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Abstract  

This paper analyses diaspora advocacy on behalf of Ukraine as practiced by a particular diaspora group, Ukrainian Canadians, in a period of high volatility in Ukraine: from the EuroMaidan protests to the Russian invasion of Eastern Ukraine. This article seeks to add to the debate on how conflict in the homeland affects a diaspora’s mobilisation and advocacy patterns. I argue that the Maidan and the war played an important role not only in mobilising and uniting disparate diaspora communities in Canada but also in producing new advocacy strategies and increasing the diaspora’s political visibility. The paper begins by mapping out the diaspora players engaged in pro-Ukraine advocacy in Canada. It is followed by an analysis of the diaspora’s patterns of mobilisation and a discussion of actual advocacy outcomes. The second part of the paper investigates successes in the diaspora’s post-Maidan communication strategies. Evidence indicates that the diaspora’s advocacy from Canada not only brought much-needed assistance to Ukraine but also contributed to strengthening its own image as an influential player. Finally, the paper suggests that political events in the homeland can serve as a mobilising factor but produce effective advocacy only when a diaspora has already achieved a high level of organisational capacity and created well-established channels via which to lobby for homeland interests.

Abstract  

To date, the literature on gender and migration continues a longstanding bias towards female over male experiences. Similarly, research on Polish post-EU accession emigration has not sufficiently addressed the male experiences of migration. Drawing on 20 interviews with migrant men, this paper contributes to the existing research on the variety of masculinity practices and gendered migration from the Central and Eastern Europe. In so doing, it focuses on the relationship between masculinity, religion and migration in the context of migration from Poland to the UK. While religion is also rarely addressed in discussions on the post-EU accession migration of Poles, it proves to be important in shaping world views and influencing migrants’ positionalities in the new social context. Indeed, in migrants’ narratives, gender, religion and the nation intertwine with one another. Analysis shows how certain aspects of men’s social identities that were originally assets turn into burdens and how the men reach to religion, while distance from the institutional Church, to renegotiate their new positionality in order to avoid denigration or to support social recognition – which is especially important in the social reality shaped by Brexit.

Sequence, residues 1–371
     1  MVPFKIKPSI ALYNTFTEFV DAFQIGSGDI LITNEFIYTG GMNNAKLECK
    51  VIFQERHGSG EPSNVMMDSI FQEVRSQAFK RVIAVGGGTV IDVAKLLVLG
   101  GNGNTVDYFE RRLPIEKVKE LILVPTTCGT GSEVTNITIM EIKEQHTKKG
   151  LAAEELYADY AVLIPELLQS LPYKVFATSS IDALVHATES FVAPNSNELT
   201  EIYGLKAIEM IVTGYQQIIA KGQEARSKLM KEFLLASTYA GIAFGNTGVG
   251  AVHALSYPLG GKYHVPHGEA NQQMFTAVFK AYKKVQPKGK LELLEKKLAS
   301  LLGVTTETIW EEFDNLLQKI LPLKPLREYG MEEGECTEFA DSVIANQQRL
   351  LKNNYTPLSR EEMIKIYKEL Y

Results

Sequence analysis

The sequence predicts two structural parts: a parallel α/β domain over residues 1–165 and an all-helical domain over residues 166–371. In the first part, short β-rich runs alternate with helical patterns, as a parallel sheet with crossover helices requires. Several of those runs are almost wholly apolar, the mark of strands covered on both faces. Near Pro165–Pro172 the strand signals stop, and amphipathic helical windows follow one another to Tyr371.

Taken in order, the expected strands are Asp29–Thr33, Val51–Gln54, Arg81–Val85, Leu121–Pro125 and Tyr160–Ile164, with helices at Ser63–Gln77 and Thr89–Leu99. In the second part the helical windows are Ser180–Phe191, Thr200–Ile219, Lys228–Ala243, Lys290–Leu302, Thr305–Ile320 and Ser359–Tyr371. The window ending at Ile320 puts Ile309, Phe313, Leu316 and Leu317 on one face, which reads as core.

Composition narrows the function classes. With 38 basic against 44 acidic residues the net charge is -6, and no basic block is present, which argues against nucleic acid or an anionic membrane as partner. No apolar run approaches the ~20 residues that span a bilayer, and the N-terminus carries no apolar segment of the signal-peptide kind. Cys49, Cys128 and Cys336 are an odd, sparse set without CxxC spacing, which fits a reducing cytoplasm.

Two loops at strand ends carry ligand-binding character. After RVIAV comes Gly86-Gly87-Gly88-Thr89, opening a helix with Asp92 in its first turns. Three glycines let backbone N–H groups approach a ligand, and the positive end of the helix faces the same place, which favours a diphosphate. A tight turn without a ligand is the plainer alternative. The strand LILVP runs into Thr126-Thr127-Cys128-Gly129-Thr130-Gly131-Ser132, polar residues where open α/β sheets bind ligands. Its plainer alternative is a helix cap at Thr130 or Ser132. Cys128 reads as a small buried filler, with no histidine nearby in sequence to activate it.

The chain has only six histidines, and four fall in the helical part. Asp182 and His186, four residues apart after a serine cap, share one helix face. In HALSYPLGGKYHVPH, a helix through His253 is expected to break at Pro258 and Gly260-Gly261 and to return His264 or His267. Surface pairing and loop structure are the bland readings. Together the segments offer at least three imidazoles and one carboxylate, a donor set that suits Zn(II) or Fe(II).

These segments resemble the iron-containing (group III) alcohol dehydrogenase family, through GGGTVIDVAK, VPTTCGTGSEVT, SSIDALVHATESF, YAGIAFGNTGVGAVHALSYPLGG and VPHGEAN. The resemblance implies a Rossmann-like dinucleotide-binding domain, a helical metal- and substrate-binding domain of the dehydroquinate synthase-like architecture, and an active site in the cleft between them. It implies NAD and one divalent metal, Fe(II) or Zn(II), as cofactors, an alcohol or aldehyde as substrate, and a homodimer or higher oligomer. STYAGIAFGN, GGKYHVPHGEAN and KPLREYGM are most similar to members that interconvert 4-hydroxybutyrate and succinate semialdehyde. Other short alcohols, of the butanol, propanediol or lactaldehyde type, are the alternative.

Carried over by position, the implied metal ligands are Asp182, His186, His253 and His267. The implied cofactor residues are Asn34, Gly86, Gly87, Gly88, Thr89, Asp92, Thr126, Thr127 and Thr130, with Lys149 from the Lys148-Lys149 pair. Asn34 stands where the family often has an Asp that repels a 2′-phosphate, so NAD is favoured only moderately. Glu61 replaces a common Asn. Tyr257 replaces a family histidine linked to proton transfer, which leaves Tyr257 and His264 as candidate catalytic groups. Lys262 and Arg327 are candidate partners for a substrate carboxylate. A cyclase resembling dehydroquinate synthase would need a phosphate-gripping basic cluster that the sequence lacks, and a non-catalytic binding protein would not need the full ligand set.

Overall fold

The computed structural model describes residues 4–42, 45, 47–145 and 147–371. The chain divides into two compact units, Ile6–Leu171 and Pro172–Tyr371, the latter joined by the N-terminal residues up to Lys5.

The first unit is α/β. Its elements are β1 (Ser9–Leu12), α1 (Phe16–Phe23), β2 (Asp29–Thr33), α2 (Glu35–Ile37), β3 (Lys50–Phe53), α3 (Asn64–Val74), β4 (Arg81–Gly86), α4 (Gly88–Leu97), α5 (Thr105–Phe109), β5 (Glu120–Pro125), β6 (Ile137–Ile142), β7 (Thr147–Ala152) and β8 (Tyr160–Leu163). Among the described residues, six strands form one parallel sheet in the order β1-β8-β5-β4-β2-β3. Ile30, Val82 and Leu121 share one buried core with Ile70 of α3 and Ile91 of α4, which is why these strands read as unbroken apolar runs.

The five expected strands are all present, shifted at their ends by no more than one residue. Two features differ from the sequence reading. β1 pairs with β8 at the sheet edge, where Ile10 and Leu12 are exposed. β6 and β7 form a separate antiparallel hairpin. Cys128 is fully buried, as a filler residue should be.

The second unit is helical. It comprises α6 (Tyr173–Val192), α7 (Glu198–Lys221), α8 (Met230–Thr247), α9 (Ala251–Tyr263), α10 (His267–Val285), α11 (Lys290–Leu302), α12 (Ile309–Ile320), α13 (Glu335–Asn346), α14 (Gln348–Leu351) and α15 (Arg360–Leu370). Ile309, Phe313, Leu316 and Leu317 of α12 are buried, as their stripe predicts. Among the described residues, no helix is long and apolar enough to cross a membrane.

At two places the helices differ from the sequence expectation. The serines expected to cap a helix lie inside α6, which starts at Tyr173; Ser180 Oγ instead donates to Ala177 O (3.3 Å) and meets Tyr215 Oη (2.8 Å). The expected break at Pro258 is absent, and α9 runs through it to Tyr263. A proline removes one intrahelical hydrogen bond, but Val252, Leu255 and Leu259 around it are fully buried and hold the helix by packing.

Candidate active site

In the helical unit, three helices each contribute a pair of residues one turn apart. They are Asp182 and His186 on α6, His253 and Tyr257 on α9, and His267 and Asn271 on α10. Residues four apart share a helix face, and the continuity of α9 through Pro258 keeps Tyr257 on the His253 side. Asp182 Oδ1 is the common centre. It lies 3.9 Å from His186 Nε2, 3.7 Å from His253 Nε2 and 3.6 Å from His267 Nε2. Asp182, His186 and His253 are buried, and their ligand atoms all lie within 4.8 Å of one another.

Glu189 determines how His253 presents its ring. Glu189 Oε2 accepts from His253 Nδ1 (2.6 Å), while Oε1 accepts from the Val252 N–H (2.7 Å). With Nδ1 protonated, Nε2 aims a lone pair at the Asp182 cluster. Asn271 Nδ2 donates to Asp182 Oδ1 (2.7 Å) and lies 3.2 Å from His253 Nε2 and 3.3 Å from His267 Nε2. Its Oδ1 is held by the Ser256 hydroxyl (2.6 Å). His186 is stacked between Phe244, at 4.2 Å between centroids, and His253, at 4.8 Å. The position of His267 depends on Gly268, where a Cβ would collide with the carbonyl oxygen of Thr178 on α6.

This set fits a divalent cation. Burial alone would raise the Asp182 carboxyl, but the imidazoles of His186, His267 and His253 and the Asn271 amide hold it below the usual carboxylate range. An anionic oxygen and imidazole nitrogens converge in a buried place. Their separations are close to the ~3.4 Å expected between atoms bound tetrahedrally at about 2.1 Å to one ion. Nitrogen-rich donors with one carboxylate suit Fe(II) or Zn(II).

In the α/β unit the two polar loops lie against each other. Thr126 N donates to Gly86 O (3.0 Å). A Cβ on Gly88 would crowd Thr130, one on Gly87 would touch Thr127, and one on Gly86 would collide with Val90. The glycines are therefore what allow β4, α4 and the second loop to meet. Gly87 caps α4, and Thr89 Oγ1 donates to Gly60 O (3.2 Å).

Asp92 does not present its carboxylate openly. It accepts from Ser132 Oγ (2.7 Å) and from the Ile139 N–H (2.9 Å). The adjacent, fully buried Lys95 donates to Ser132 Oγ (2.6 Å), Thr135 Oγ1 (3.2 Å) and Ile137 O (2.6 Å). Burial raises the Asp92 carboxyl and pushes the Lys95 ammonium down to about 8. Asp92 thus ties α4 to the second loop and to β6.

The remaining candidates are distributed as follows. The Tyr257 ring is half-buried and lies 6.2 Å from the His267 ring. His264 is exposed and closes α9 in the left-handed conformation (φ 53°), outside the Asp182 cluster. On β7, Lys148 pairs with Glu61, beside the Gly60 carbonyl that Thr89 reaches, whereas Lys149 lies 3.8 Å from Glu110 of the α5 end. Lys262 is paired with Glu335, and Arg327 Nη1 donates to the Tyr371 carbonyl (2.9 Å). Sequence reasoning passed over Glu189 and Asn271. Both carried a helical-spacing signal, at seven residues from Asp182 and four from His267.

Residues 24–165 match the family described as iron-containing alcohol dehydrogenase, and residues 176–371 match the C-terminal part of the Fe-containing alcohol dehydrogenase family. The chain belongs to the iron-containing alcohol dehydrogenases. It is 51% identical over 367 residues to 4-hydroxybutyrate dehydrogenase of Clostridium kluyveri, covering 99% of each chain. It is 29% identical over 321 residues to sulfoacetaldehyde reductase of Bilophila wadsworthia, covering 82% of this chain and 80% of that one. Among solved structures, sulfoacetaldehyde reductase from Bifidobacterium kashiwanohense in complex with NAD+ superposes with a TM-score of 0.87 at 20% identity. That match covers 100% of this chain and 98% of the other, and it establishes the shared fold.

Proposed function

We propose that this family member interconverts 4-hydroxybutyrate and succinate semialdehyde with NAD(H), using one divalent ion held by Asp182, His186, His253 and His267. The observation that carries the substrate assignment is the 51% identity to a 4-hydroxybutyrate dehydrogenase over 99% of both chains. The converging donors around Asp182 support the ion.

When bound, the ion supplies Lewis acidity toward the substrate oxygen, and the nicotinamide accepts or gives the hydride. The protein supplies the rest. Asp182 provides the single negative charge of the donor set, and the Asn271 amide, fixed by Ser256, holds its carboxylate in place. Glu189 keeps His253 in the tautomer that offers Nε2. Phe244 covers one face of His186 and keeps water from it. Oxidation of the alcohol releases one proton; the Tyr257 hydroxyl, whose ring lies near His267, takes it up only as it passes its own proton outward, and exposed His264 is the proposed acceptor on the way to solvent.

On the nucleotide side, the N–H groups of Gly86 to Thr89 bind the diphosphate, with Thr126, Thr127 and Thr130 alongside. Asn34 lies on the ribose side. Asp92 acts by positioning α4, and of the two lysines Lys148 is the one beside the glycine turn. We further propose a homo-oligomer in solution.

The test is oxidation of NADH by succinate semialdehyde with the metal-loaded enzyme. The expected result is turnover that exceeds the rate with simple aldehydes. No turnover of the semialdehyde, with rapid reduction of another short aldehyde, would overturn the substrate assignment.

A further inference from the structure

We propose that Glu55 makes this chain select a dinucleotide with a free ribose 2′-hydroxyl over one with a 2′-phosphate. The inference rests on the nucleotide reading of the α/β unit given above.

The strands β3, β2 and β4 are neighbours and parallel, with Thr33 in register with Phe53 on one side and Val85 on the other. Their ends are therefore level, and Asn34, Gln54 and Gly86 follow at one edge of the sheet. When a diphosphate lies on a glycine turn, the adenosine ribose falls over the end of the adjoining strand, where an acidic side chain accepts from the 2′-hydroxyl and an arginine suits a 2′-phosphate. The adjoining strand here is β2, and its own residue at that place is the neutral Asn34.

Abstract  

This article is devoted to contemporary return migrations by Kazakhs – a process of great significance for the population and cultural policies of the government of independent Kazakhstan. I examine the repatriation process of the Kazakh population from the point of view of the cultural transformations of Kazakh society itself, unveiling the intended and unintended effects of these return migrations. The case of the Kazakh returns is a historically unique phenomenon, yet it provides data permitting the formulation of broader generalisations. It illustrates the dual impact of culturally different environments, which leads to a simultaneous preserving and changing of the culture of the new immigrants. The analyses found in this article are based upon data collected during two periods of fieldwork conducted in June–July 2016 and March 2018 at several locations in Kazakhstan and in cooperation with a Kazakh university. The research methodology is anchored in multi-sited, multi-year fieldwork.